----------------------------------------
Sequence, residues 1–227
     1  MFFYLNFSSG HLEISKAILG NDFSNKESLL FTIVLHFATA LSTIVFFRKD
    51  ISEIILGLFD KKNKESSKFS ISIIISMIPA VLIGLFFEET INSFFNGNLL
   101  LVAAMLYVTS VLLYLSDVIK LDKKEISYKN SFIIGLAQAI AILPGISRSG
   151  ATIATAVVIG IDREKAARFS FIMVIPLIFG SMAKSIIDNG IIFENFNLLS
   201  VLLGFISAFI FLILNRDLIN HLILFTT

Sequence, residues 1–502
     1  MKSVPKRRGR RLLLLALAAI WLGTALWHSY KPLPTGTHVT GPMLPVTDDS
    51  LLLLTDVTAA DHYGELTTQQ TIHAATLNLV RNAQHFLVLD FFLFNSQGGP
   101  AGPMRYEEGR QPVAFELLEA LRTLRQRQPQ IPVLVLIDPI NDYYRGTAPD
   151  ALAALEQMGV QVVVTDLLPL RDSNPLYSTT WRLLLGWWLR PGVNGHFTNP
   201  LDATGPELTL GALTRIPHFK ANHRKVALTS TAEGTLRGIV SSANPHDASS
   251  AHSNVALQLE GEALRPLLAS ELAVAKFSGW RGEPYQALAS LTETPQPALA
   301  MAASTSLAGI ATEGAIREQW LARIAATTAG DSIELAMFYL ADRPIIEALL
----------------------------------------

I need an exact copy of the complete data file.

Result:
Sequence, residues 1–227
     1  MFFYLNFSSG HLEISKAILG NDFSNKESLL FTIVLHFATA LSTIVFFRKD
    51  ISEIILGLFD KKNKESSKFS ISIIISMIPA VLIGLFFEET INSFFNGNLL
   101  LVAAMLYVTS VLLYLSDVIK LDKKEISYKN SFIIGLAQAI AILPGISRSG
   151  ATIATAVVIG IDREKAARFS FIMVIPLIFG SMAKSIIDNG IIFENFNLLS
   201  VLLGFISAFI FLILNRDLIN HLILFTT

Sequence, residues 1–502
     1  MKSVPKRRGR RLLLLALAAI WLGTALWHSY KPLPTGTHVT GPMLPVTDDS
    51  LLLLTDVTAA DHYGELTTQQ TIHAATLNLV RNAQHFLVLD FFLFNSQGGP
   101  AGPMRYEEGR QPVAFELLEA LRTLRQRQPQ IPVLVLIDPI NDYYRGTAPD
   151  ALAALEQMGV QVVVTDLLPL RDSNPLYSTT WRLLLGWWLR PGVNGHFTNP
   201  LDATGPELTL GALTRIPHFK ANHRKVALTS TAEGTLRGIV SSANPHDASS
   251  AHSNVALQLE GEALRPLLAS ELAVAKFSGW RGEPYQALAS LTETPQPALA
   301  MAASTSLAGI ATEGAIREQW LARIAATTAG DSIELAMFYL ADRPIIEALL